Saturday, September 23, 2023 Sep 23, 2023
87° F Dallas, TX

Roger and James Deakins Show Dallas Filmmakers That Story Is Still King

Academy-award winning cinematographer Roger Deakins and his wife and collaborator, James, spent several days celebrating cinema in Dallas.
By Austin Zook |
Academy Award winner Roger Deakins with his wife and collaborator, James, during a June trip to the Texas Theatre. Zack Huggins

Roger Deakins, the Academy Award-winning cinematographer, and his wife and collaborator, James, spent four days earlier this month touring Dallas and speaking with local filmmakers and cinephiles about their filmography, their partnership, and the art of filmmaking.

Their visit was prompted by Andrew Vela, a project specialist with the Dallas Film Commission and a longtime fan of the Deakins’ work. He knew that the pair were attending book signings to promote Byways, a collection of Roger Deakins’s still photography, and thought it would be worthwhile to host them in Dallas.

Vela had the support of Tony Armer, Dallas’s new film commissioner, and the two coordinated planning with the Deakinses, the Texas Theatre, SMU, and Women in Film.

Team Deakins, as the pair refer to themselves, have worked alongside lauded directors throughout their careers, including Joel and Ethan Coen, Denis Villeneuve, and Sam Mendes. Roger Deakins has been nominated for the Academy Award for Best Cinematography 16 times and won twice, for Blade Runner 2049 and 1917.

While Roger is well known as the man behind the camera, his wife, James, is a key collaborator for him. “I sit with Roger and we go through what he wants to do and how he wants to shoot it…and then he likes to just focus on doing it,” says James. “I like to talk to people, so I’m the contact with…production, visual effects, the prop people…and then when we actually shoot I set up the digital workflow, how it’s going to the lab, and I look at the dailies, and I’m his eyes behind him.”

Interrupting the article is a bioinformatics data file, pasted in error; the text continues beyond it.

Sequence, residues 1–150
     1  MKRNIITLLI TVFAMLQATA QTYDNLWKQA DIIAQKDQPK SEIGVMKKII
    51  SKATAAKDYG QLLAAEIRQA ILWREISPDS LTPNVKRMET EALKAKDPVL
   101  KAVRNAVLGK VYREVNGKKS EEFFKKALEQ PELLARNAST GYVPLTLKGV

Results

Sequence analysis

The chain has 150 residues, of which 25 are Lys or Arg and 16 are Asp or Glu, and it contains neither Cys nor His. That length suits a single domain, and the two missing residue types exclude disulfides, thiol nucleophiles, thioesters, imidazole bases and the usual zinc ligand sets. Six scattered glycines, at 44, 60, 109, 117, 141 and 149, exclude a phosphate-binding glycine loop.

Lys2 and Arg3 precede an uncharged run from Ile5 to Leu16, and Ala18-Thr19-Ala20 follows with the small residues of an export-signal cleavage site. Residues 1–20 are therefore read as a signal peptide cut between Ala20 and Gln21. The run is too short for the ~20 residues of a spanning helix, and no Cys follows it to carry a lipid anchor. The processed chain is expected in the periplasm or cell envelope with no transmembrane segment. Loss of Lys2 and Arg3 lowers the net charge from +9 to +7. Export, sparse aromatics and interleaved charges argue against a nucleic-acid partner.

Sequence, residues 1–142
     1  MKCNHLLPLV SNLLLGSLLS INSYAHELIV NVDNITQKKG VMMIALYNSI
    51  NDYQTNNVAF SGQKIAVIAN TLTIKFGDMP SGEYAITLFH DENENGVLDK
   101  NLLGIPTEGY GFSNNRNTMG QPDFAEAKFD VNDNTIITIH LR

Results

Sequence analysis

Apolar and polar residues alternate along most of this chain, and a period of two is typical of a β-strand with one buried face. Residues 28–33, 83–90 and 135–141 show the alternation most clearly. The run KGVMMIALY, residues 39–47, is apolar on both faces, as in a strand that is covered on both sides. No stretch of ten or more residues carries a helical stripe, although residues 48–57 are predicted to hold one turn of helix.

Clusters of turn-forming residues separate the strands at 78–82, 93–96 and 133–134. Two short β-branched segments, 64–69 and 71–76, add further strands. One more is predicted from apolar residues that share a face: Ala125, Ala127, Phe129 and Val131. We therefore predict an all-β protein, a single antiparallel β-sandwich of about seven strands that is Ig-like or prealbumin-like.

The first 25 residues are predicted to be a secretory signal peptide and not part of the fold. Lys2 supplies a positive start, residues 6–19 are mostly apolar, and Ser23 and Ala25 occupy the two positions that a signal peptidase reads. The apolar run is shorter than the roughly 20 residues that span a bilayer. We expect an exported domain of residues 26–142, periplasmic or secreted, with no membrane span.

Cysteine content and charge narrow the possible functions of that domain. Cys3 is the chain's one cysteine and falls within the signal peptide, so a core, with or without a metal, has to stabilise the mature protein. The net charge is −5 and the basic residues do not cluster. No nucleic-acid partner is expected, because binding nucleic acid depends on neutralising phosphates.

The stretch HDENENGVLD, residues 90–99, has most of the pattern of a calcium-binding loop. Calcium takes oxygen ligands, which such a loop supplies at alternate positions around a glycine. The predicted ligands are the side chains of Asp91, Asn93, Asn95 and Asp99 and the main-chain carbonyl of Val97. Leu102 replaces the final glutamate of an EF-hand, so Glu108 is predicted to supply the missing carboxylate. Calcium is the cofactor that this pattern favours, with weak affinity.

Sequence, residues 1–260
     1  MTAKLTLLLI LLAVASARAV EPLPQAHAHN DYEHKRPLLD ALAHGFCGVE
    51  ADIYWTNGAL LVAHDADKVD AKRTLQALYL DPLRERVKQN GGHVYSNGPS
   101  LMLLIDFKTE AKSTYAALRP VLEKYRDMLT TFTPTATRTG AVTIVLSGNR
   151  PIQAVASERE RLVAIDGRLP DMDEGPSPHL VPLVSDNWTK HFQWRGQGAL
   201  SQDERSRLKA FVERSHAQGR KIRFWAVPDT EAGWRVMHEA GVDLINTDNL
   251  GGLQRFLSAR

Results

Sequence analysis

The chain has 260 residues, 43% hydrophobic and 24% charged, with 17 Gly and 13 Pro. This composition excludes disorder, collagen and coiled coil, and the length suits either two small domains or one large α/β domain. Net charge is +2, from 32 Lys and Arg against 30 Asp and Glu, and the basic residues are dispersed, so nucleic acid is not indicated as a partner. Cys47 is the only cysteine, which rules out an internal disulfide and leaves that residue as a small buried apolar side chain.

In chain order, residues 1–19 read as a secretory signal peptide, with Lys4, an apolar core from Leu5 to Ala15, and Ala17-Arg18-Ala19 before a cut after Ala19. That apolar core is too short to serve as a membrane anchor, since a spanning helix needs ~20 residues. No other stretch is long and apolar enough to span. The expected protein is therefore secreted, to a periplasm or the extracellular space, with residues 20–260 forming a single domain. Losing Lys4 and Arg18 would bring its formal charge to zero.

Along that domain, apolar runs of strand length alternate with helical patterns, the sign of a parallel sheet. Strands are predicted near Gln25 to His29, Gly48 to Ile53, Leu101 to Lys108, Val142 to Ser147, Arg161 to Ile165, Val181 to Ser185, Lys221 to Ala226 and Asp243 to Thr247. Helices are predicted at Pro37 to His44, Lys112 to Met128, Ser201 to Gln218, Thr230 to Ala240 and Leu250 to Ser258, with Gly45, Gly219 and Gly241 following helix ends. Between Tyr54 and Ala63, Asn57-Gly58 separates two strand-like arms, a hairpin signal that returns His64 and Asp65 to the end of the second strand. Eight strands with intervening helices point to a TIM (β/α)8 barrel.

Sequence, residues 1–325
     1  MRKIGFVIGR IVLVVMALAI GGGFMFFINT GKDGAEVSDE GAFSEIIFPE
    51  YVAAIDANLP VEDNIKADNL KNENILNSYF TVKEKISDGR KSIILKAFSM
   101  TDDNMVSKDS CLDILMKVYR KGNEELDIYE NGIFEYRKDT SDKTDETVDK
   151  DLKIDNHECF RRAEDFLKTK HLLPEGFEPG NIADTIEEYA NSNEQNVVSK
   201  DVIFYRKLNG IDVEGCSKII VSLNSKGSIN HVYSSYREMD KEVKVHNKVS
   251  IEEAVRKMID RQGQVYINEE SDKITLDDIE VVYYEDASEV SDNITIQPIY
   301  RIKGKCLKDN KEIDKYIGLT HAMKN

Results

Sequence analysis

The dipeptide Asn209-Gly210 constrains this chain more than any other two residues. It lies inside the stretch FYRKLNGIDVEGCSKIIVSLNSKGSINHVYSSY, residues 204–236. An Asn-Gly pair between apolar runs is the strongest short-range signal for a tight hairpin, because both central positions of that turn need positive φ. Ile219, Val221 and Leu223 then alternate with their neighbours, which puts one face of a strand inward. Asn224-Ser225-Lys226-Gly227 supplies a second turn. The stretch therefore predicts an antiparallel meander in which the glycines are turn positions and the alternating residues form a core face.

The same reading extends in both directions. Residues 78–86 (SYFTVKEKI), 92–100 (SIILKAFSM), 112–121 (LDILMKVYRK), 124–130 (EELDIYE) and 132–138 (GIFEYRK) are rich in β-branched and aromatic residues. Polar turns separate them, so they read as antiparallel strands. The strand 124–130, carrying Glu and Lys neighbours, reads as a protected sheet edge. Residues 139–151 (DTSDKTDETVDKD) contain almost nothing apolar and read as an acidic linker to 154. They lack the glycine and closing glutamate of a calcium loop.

Roger and James began their Dallas visit with a book signing for Byways at the Texas Theatre on June 8. Afterwards, they introduced a screening of The Assassination of Jesse James by the Coward Robert Ford. They then returned to the theater on Sunday to introduce Blade Runner 2049 and participated in an extensive audience Q&A afterwards.

“Roger Deakins is…the gold standard of cinematography,” says the Texas Theatre’s Ashton Campbell. “It was…pretty surreal to host [somebody] who is [at the] top of the list of their craft.” Campbell curated the films that screened at the Texas to coincide with Team Deakins’ visit, which also included Sicario and No Country for Old Men.

Roger and James say they look forward to engaging with fans and audiences the way they were able to at the Texas Theatre and around Dallas.

“Roger and I both…feel that we’ve been very lucky in life and we both feel the desire to give back,” says James. “And that’s the way that we do it…we talk to people and we answer the questions and we try and convince them to hang in there, because it’s a tough business.”

The podcast and what we’ve done on the website over the years is slightly trying to demystify the business,” says Roger. “When I started out…a career in film was, like, ridiculous. Might as well say you were going to go to the moon or Mars… You want to open up the possibilities for people, and you want them to feel that…if you put your mind to it, you can do anything.”

That Friday, Team Deakins met with aspiring and practicing filmmakers in Dallas. First, the pair participated in a discussion at SMU. 

Afterward, they attended a luncheon with members of Women in Film Dallas. 

Gail Cronauer, Women in Film Dallas’ vice president, says that events like the Deakins’ visit “…not only introduce Dallas to the world, but the world to Dallas. There are hundreds of women working in the media production industries in North Texas, which is unknown to many. The Deakins’ request to meet with Women in Film Dallas was a much appreciated, a thrilling, acknowledgement of who we are and what we do.”

While Roger and James Deakins take pleasure in engaging with students, aspiring filmmakers, and groups like Women in Film Dallas between projects, the thing that draws them to a film hasn’t changed: telling a story.

“You want a script that’s…going to move you in some way, challenge you,” says Roger.

James adds, “It’s a long time period to be on a movie, so if you don’t care about what you’re trying to express…it’s going to be a really long movie.”

“[I] just love the process,” says Roger. “I just love the collaboration. And I love the challenge of visualizing a story. I mean, I just love it… I’m lucky that I can go out with my stills camera and…get satisfaction doing that, but yeah—filmmaking is something very special.”


Austin Zook

Austin Zook

Related Articles


COVID-19 Bulletin (12/02/21)

The omicron variant has arrived in the U.S. as Biden's COVID-19 vaccine mandate for healthcare workers is blocked by a federal judge.

What I’m Watching: Dallas Mavericks Basketball

Plus: FC Dallas in the playoffs and Dak Prescott's long-awaited return.

What I’m Watching: Dallas Cowboys Playoff Football

Plus a big Southwest matchup and the start of the Wings' offseason